SOME Western governments may follow the lead set by the United States to attempt suing China over its failure to stop Covid-19 at the source. What’s the issue here? It’s not, as Donald Trump lately argued, that China dragged its feet in warning the world. In fact, the US president was heaping praise on China’s quick responses in January and February after the initial hiatus in December.
A claim for reparations may perhaps be justified on grounds that Covid-19 started in China. But that’s opening a Pandora’s box. The H1N1 pandemic in 2009 started in the United States and claimed more than 150,000 lives worldwide. That’s a lot of compensation America has to pay out.
Still, should China ponder whether it is in some ways culpable? On two points it is likely culpable. On the first point, China has known for 20 years that coronaviral diseases are caused by pathogens jumping from animals to humans. The 2003 SARS coronavirus epidemic that affected 26 countries began in Guangdong, southern China. It was directly tied to wildlife practices. To stop SARS, the Chinese government banned wildlife hunting, trading and consumption. But unsurprisingly the ban was lifted just three months after it was imposed, thereby laying the blood-soaked path to Covid-19.
This was a colossal failure of governmental responsibility. Why unsurprisingly? Because the Chinese regime, like any populist government in the world, seeks approval from citizens. Beijing gave in to consumerist demands to bring wildlife back on the dinner table, and it will cave in this time again because of claims that voracious meat-eating is a 5,000-year-old Chinese cultural tradition and bush meat is good medicine for sick people.
The oft-quoted maxim is that Chinese people will eat any creature that has its back to the sun.
If this is true, it means that China has turned its back on the ethics of its own civilisation in favour of decadent meat-eating practices that shore up a multibillion-dollar animal slaughter industry.
This is the second point why China is likely culpable for Covid-19.
The roots of traditional Chinese medicine are herbs and not pangolins illegally shipped from Malaysia. Chinese culture rests on a foundation of three religions: Confucianism, Taoism and Buddhism.
Confucianism distinguishes between animal slaughtering and meat eating. The Works of Mencius, a Confucian holy book, states in Book 6 that a ruler’s performance is judged by his ability to supply any deficiency of seed during ploughing time, and to assist in reaping the crop. There is no mention of livestock, although Mencius acknowledges the practice of meat-eating. In Bk3, Part 1, Ch4, a minister of agriculture is cited who “taught the people to sow and reap cultivating the five kinds of grain.” Again no mention of livestock.
The distinction between animal slaughtering and meat eating is vital, as almost at the beginning of the Works of Mencius you find these two verses: “Beasts devour one another, and people hate them for doing so” (Book 1, Pt1, Ch4, v.5). “So is the superior person affected towards animals, that, having seen them alive, he cannot bear to see them die; having heard their dying cries, he cannot bear to eat their flesh” (Bk1, P1, Ch7, v.8).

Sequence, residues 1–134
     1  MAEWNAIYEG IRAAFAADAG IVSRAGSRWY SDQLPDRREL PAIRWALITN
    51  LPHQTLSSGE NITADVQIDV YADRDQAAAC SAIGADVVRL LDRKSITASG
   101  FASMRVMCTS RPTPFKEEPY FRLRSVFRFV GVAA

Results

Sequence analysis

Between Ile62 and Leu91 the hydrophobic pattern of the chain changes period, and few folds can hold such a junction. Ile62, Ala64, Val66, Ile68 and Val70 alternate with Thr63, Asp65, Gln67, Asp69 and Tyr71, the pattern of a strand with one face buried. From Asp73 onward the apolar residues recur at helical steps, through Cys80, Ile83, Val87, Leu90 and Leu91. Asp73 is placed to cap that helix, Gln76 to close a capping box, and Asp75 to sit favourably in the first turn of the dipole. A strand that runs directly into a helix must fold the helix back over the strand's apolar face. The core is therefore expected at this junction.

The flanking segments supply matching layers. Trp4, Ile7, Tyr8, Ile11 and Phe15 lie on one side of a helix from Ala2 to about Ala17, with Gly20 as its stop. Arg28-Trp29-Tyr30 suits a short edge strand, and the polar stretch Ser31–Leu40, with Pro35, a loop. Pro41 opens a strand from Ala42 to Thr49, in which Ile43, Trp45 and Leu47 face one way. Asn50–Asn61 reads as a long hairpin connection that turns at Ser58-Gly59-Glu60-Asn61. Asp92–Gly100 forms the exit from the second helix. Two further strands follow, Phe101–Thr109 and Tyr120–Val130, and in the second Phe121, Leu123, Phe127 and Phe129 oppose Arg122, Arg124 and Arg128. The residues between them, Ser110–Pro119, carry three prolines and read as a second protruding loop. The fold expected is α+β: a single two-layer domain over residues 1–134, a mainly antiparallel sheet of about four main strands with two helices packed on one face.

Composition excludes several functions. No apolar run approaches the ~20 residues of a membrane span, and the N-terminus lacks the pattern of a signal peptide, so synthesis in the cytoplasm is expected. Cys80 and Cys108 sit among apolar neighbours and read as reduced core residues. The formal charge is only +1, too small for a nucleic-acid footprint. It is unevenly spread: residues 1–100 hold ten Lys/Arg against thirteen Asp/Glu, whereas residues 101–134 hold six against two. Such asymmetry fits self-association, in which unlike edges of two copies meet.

Taoism is similarly anti-slaughter. The Writings of Chuang Tzu, a Taoist holy book, extols the intimate links between animals and humans. “Yes, in the age of perfect virtue, people lived in common with birds and beasts, and were on terms of equality with all creatures, as forming one family” (Bk9, Pt2, Sect2 v. 2). Chuang Tzu also condemns wildlife hunting. “The knowledge shown in the arrangements for setting nets, and the nets and snares themselves, is great, but the animals are disturbed by them in the marshy grounds” (Bk10, Pt2, Sect3, v.4).
All Buddhists in China are familiar with the advice of Buddha in Nirvana Sutra (Ch4: The Nature of the Tathāgata, Pt1): “Any meat that is clearly present should not be eaten; to eat it constitutes a transgression. I am now proclaiming this rule eliminating meat eating. To eat meat is to cut out the seeds of your own great compassion.”
The Karaniya Metta Sutra and Metta Bhavana contain these words: “Having seen that all beings like oneself, have a desire for happiness, one should methodically develop loving-kindness towards all beings” and “As a mother would risk her own life to protect her only child, even so towards all living beings one should cultivate a boundless heart.”
Compassion towards all living beings including the animals drives Chinese culture. It is why China developed plant-based fake meats 1,500 years ago. Has China dumped its own civilisational values in its rush to embrace the consumerist lifestyle? This is a major question the Chinese government and meat-eaters who claim to follow Chinese culture must ponder.
The writer champions interfaith harmony. Comments: email@example.com